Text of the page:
Object Name            Name     Type        Obj#   Dataobj#        Reads  %Total
-------------------- ---------- ----- ---------- ---------- ------------ -------
LAURENT              USERS
EMP                             TABLE      93857      93860       52,576   24.77

Batched inserts:
Segments by Logical Reads                   DB/Inst: ORCL/orcl  Snaps: 201-202
-> Total Logical Reads:          11,792
-> Captured Segments account for   83.0% of Total
-> When ** MISSING ** occurs, some of the object attributes may not be available

                     Tablespace
Owner                   Name
-------------------- ----------
                     Subobject  Obj.                             Logical
Object Name            Name     Type        Obj#   Dataobj#        Reads  %Total
-------------------- ---------- ----- ---------- ---------- ------------ -------
LAURENT              USERS
EMP                             TABLE      93857      93860        3,504   29.72
  • Same for buffer gets. Execution number is less for batched inserts (number of execution depends on your batch size)

Non batched inserts:

     Buffer                 Gets              Elapsed
      Gets   Executions   per Exec   %Total   Time (s)  %CPU   %IO    SQL Id
----------- ----------- ------------ ------ ---------- ----- ----- -------------
    152,587      50,000          3.1   71.9        2.1  11.3     0 7c9ws5uvx9nyc
Module: JDBC Thin Client
insert into emp(employee_id,first_name,last_name,salary) values (:1 ,:2 ,:3 ,:4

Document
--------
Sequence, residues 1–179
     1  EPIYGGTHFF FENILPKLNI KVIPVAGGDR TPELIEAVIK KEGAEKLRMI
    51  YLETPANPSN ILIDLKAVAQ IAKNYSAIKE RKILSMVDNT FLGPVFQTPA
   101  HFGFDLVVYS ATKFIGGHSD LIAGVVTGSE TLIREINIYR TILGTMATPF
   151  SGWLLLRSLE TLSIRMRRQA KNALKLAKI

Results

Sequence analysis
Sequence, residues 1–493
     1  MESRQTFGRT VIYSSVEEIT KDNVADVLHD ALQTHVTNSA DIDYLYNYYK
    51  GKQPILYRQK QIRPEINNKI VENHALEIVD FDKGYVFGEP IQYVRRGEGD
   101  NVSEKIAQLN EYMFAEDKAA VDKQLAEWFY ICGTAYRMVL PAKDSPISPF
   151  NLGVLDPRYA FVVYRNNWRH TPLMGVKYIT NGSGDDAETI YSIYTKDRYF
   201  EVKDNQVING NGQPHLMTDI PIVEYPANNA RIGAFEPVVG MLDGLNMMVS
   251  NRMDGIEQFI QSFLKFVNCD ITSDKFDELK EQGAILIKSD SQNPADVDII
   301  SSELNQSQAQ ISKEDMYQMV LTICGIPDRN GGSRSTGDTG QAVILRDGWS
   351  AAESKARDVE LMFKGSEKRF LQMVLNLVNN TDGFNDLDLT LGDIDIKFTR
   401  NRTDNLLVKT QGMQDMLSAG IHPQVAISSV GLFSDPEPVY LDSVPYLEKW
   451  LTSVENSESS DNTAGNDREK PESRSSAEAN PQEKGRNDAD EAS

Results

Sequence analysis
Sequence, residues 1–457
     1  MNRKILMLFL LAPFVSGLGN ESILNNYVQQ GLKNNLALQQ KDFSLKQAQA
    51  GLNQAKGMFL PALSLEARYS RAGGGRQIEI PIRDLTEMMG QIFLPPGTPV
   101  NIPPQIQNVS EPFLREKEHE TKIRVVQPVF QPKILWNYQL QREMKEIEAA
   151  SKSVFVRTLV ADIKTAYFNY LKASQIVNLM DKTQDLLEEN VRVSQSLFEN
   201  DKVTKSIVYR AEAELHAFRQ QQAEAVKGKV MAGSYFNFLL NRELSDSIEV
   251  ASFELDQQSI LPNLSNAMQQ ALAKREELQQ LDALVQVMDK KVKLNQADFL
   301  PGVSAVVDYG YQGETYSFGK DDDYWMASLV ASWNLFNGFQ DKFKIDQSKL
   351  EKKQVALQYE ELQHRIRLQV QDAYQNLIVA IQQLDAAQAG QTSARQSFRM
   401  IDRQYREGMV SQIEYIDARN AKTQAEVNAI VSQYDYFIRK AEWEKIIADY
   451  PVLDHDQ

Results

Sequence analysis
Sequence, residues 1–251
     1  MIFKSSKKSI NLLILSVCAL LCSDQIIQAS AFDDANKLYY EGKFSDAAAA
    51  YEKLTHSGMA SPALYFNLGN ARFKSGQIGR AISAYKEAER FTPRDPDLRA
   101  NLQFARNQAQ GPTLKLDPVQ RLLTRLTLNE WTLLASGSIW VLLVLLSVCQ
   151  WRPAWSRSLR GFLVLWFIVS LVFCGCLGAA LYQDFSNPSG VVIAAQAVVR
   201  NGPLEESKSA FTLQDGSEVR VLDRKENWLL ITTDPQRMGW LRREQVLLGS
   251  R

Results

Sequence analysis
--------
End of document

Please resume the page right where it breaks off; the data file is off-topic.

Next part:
)

Batched inserts:

     Buffer                 Gets              Elapsed
      Gets   Executions   per Exec   %Total   Time (s)  %CPU   %IO    SQL Id
----------- ----------- ------------ ------ ---------- ----- ----- -------------
      3,669          10        366.9   31.1        0.1    57     0 7c9ws5uvx9nyc
Module: JDBC Thin Client
insert into emp(employee_id,first_name,last_name,salary) values (:1 ,:2 ,:3 ,:4)

 

When developer have to insert tons on data from a java app, it’s better when they used the best way to do it …. batched inserts have to be used in that case, it will help the database to be more powerful.

That’s it for today ūüėČ

Profiling Java Application with Systemtap

A couple of days ago, I read this tweet from Tanel Poder :

I’m not a JVM internals geek but I was sure there was a way to do the job without restarting the JVM, and I found some cool stuff with Systemtap.

To do this, you have to install two packages on your linux distribution: systemtap and systemtap-runtime-java (and configure correctly your user environment):